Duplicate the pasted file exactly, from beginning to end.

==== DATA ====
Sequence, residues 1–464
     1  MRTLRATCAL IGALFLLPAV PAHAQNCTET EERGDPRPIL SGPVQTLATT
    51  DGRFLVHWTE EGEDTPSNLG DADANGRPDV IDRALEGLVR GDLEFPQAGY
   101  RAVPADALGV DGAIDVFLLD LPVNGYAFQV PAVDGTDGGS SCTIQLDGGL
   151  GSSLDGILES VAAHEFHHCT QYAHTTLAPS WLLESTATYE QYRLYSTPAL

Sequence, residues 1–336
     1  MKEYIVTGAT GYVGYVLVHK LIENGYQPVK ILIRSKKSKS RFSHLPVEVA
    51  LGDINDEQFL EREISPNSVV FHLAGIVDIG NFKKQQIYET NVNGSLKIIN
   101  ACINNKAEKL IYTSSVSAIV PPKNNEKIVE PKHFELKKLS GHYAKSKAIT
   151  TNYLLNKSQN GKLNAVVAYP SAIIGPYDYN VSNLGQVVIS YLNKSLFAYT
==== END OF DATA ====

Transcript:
Sequence, residues 1–464
     1  MRTLRATCAL IGALFLLPAV PAHAQNCTET EERGDPRPIL SGPVQTLATT
    51  DGRFLVHWTE EGEDTPSNLG DADANGRPDV IDRALEGLVR GDLEFPQAGY
   101  RAVPADALGV DGAIDVFLLD LPVNGYAFQV PAVDGTDGGS SCTIQLDGGL
   151  GSSLDGILES VAAHEFHHCT QYAHTTLAPS WLLESTATYE QYRLYSTPAL

Sequence, residues 1–336
     1  MKEYIVTGAT GYVGYVLVHK LIENGYQPVK ILIRSKKSKS RFSHLPVEVA
    51  LGDINDEQFL EREISPNSVV FHLAGIVDIG NFKKQQIYET NVNGSLKIIN
   101  ACINNKAEKL IYTSSVSAIV PPKNNEKIVE PKHFELKKLS GHYAKSKAIT
   151  TNYLLNKSQN GKLNAVVAYP SAIIGPYDYN VSNLGQVVIS YLNKSLFAYT